A Caltech Library Service

An Energy-Complexity Model for VLSI

Tierno, José Andrés (1995) An Energy-Complexity Model for VLSI. Computer Science Technical Reports, California Institute of Technology , Pasadena, CA. (Unpublished)

Postscript - Submitted Version
See Usage Policy.

PDF (Adobe PDF) - Submitted Version
See Usage Policy.


Use this Persistent URL to link to this item:


An energy complexity model for CSP programs to be implemented in CMOS VLSI is developed. This model predicts with some accuracy the energy dissipation of the "standard" asynchronous VLSI implementation of a CSP program, associated to a given trace of that program. This energy complexity is used in the analysis of CSP programs, in order to optimize this high level representation of asynchronous circuits for energy efficiency. A lower bound to the energy complexity of a CSP program is derived, based on the information theoretical entropy per symbol of the input/output behavior of the CSP program. This lower bound abstracts the specification of the circuit (that is, its input/output behavior), from the implementation of the specification (that is, the text of the program), and therefore applies to any program that meets the specification. A number of techniques are presented to write programs of low energy complexity, and are applied to several examples. To link the high level representation of circuits to the CMOS representation, several circuits are analyzed to provide standard translations for basic CSP operators into CMOS. In particular, a method for pipelining bus transfers using the sense-amplifier of the bus as a register is proposed.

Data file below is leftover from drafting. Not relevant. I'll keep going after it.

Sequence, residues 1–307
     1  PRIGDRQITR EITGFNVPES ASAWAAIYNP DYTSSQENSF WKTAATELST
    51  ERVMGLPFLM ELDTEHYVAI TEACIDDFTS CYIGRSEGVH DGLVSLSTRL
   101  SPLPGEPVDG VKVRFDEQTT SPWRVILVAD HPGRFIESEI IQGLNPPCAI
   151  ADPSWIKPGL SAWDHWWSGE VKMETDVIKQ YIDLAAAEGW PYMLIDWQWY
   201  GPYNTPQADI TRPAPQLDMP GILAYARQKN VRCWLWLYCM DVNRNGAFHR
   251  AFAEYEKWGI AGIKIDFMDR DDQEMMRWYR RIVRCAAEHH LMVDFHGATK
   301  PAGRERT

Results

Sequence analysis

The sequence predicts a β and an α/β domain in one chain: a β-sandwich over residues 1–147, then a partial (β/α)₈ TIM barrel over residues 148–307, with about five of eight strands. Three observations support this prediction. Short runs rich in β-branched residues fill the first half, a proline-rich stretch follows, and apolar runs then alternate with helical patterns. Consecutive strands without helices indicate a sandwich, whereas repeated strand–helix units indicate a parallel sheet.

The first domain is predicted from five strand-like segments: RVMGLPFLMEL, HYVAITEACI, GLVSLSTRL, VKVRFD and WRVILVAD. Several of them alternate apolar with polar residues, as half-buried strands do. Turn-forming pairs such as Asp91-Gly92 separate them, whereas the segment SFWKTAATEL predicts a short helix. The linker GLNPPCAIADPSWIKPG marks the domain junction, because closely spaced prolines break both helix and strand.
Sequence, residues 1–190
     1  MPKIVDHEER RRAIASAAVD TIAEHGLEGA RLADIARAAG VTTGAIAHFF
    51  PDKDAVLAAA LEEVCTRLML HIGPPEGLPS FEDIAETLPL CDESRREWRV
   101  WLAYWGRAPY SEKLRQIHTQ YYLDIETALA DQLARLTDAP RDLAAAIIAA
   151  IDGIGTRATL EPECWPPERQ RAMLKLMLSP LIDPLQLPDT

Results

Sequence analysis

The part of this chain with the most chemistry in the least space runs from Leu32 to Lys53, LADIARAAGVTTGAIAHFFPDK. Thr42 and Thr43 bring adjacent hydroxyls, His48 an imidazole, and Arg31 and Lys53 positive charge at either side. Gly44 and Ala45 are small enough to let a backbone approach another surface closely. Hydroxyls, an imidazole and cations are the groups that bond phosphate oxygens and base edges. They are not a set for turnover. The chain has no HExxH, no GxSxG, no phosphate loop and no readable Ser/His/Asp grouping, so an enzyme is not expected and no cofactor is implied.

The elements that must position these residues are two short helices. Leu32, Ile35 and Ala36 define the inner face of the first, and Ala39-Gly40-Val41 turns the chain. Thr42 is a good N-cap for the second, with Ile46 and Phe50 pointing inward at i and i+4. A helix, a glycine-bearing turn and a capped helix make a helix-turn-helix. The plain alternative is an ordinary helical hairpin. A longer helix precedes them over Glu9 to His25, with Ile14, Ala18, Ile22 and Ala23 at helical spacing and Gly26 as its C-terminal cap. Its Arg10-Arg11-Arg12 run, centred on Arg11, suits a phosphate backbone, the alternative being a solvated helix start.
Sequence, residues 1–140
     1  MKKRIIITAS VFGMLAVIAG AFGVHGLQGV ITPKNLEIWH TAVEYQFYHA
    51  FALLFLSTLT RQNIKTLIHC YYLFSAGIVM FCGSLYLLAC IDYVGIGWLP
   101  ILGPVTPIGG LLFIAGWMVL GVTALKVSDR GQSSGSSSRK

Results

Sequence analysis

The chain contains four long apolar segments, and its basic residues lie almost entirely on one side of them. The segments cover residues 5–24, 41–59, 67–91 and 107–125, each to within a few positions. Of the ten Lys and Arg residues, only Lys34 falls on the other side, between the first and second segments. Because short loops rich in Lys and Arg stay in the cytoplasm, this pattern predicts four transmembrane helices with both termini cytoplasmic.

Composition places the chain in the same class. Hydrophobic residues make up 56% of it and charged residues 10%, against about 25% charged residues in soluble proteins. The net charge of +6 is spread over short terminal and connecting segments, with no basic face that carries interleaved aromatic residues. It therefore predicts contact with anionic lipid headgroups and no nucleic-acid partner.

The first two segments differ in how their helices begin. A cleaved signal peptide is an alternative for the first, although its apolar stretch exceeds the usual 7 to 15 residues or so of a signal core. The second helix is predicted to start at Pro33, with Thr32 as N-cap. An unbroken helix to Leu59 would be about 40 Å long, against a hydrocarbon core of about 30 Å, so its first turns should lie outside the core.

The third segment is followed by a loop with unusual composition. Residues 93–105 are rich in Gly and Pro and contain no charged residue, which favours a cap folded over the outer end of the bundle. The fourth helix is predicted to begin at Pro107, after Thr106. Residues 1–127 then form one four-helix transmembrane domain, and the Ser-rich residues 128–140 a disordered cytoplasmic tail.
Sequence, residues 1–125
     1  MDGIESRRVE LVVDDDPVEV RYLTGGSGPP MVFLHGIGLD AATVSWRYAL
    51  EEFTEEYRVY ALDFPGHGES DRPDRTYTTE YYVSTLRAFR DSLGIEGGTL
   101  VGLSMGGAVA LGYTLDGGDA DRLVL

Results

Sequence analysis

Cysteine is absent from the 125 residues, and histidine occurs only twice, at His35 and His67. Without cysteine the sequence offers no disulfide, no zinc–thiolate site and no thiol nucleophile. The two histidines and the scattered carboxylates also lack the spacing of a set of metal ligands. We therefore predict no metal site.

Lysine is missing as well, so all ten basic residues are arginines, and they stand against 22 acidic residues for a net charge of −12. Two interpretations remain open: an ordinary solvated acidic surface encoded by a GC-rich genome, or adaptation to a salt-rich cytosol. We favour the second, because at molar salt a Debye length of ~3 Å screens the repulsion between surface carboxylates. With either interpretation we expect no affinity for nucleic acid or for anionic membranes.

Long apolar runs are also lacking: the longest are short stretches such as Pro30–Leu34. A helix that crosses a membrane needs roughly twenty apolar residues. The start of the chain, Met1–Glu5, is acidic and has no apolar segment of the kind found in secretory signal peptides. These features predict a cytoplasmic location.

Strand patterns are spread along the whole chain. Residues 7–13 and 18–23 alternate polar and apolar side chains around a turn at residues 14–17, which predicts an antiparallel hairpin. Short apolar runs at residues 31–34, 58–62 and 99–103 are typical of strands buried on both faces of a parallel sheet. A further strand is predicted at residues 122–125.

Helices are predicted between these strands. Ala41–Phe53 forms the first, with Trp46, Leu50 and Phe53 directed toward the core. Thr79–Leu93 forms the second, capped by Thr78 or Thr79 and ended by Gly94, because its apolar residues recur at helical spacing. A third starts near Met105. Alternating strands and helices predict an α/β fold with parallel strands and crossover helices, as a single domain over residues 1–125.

Item Type:Report or Paper (Technical Report)
Additional Information:© 1995 José Andrés Tierno All Rights Reserved California Institute of Technology. After six years of toil the journey is over. Caltech was for me an incredible experience, for its people, its traditions, and its enormous accumulated wealth of scientific knowledge. I must thank all of the Caltech community, for all that I learned from them either directly or indirectly. From none did I learn more, however, than from Alain Martin. For six years he patiently guided my research, and taught me most of what I know about concurrency and asynchronous design. A lot of other people has to be especially mentioned, because things would have been different without them. I want to thank Chuck Seitz, for having introduced me to the black magic of VLSI. I want to thank Drazen Borkovic, for having patiently listened to my ramblings for so many years. I want to thank Marcel van der Goot, for his programs, his LATEXmacros, and many very stimulating conversations around a dictionary. I want to thank Tony Lee, for his wonderful CAD tools, and his incredible energy to fix what didn't work right or do enough. I want to thank Peter Hofstee, for all the lunch time discussions. I want to thank Jessie Xu, for teaching me some Chinese characters and a little patience. I want to thank Wen-King Su for the Friday night movies. I want to thank all of the CS185 students, for all of what they taught me. Finally, a very special thanks to Mr. Oshima, for teaching me that of a one thousand mile journey nine hundred and ninety nine is only half.
Group:Computer Science Technical Reports
Series Name:Computer Science Technical Reports
Record Number:CaltechCSTR:1995.cs-tr-95-02
Persistent URL:
Usage Policy:You are granted permission for individual, educational, research and non-commercial reproduction, distribution, display and performance of this work in any format.
ID Code:26877
Deposited By: Imported from CaltechCSTR
Deposited On:14 May 2001
Last Modified:03 Oct 2019 03:18

Repository Staff Only: item control page